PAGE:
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Thread: Why is that

  1. #1

    Why is that

    Ever notice how a used bug will outperform a new one? I was fishing the Williamson River in Oregon a few years ago with size 16, Pheasant-tail Nymph and I could see the giant rainbows swimming around and every once in a while we'd see a jumper, so I knew I was going through the fish. After maybe an half an hour and countless drifts through the bucket I finally got a grab, and fought and landed a beautiful, big rainbow trout. As I removed the fly I noticed it was slightly torn up, and I was excited and said to myself, “that's OK,” and started casting and drifting through the same hole again. This time, however, it only took 3 or 4 drifts and I was hooked up again, and went through the same routine. I fought the fish, landed it and released it, and noticed my little PT nymph was really falling apart. So, for the heck of it I tossed it once more, and maybe the 2nd or 3rd cast I was hooked up again, but this time I lost the fish and the beat-up fly. Then I tied on a new PT fly of the same size/color and continued to fish for about an hour before I hooked another fish, and then another and another in shorter time spans......WHY ?

    I do know that some gear guys will only use quick fish and lures that have already been chewed on and have tooth marks all over them.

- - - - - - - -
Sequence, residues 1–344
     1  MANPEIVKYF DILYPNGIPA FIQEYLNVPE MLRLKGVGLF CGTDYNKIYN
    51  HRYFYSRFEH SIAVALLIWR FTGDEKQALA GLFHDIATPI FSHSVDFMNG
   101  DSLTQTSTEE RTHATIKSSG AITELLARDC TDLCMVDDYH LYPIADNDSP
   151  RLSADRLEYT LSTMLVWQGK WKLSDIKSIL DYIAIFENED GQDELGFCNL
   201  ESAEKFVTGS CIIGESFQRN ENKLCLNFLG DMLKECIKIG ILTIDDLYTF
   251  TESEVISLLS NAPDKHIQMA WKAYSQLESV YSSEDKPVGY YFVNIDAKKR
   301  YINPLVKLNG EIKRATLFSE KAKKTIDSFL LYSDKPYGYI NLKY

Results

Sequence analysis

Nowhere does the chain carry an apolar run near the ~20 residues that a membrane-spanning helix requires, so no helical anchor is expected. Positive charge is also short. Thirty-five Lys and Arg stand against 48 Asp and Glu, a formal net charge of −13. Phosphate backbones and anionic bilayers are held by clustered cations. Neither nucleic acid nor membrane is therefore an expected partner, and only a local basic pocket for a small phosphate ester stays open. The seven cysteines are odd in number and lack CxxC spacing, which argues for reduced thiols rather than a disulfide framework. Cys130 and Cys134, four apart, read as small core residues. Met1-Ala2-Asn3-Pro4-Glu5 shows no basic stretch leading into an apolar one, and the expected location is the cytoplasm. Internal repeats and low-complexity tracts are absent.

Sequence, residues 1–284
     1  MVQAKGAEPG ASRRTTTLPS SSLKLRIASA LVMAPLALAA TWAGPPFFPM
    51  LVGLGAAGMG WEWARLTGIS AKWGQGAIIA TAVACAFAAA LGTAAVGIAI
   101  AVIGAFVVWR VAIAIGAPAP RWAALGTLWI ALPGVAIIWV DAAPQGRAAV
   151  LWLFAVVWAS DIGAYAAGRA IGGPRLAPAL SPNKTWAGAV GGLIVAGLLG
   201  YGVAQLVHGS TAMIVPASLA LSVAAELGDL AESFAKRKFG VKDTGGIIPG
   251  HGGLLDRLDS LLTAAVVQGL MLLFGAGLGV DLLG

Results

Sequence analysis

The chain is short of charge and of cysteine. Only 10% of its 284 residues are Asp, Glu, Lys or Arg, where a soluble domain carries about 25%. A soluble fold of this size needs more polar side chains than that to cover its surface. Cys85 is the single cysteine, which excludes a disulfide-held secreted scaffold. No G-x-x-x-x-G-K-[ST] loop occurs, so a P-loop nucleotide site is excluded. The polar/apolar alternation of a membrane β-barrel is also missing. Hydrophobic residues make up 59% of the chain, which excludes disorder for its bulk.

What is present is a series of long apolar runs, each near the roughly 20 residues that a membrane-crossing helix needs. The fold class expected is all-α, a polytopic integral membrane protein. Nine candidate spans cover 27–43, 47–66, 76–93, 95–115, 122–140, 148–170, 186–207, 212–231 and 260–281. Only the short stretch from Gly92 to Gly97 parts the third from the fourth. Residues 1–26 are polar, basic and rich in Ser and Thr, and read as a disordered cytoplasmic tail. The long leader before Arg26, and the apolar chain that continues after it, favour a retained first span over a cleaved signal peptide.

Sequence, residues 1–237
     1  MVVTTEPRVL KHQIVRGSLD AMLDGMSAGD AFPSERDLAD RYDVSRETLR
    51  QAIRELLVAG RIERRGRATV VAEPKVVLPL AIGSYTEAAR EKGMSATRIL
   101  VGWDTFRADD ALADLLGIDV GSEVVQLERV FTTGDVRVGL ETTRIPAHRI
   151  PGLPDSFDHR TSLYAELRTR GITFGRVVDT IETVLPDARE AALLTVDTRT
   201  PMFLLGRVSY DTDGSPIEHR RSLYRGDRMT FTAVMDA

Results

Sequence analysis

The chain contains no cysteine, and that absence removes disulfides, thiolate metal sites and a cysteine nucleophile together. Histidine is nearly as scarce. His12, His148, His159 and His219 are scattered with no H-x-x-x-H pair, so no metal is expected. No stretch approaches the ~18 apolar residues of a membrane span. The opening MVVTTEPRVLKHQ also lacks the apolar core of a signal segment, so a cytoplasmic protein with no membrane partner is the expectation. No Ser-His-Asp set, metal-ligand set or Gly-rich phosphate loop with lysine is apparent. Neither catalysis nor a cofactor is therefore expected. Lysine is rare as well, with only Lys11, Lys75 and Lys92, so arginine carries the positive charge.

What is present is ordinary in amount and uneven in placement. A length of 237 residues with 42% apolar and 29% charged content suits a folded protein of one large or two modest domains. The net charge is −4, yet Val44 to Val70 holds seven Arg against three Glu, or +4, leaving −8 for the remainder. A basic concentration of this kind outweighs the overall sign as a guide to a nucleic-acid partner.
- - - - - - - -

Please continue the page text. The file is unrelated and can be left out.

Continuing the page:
Some fly guys seem to think after the fish "slime" the fly it works better or is more attracted to other fish. I know when I am in Mexico, my beat- up flies seem to work better than a brand new one, but I still don't know why. Is it that I fish the chewed-up flies with more confidence? Or perhaps I pay better attention to the drift and know more of what to watch for? Just something to think about.

    Carl Blackledge

  2. #2
    I've always thought that a chewed up fly may look more like a bug "moving" in the water more. I have had similar results at times, just my theory.

  3. #3
    It may also be that a beat up lure or fly might represent a sick or injured imitation more than a nice new one???

  4. #4
    I wonder if it had more to do with the second and third fish being stirred up by the first one? I also think that fish get competitive, and when one eats the others don't want to miss out.

    We will probably never know for sure.

  5. #5
    I wonder if it had more to do with the second and third fish being stirred up by the first one? I also think that fish get competitive, and when one eats the others don't want to miss out.

    We will probably never know for sure.

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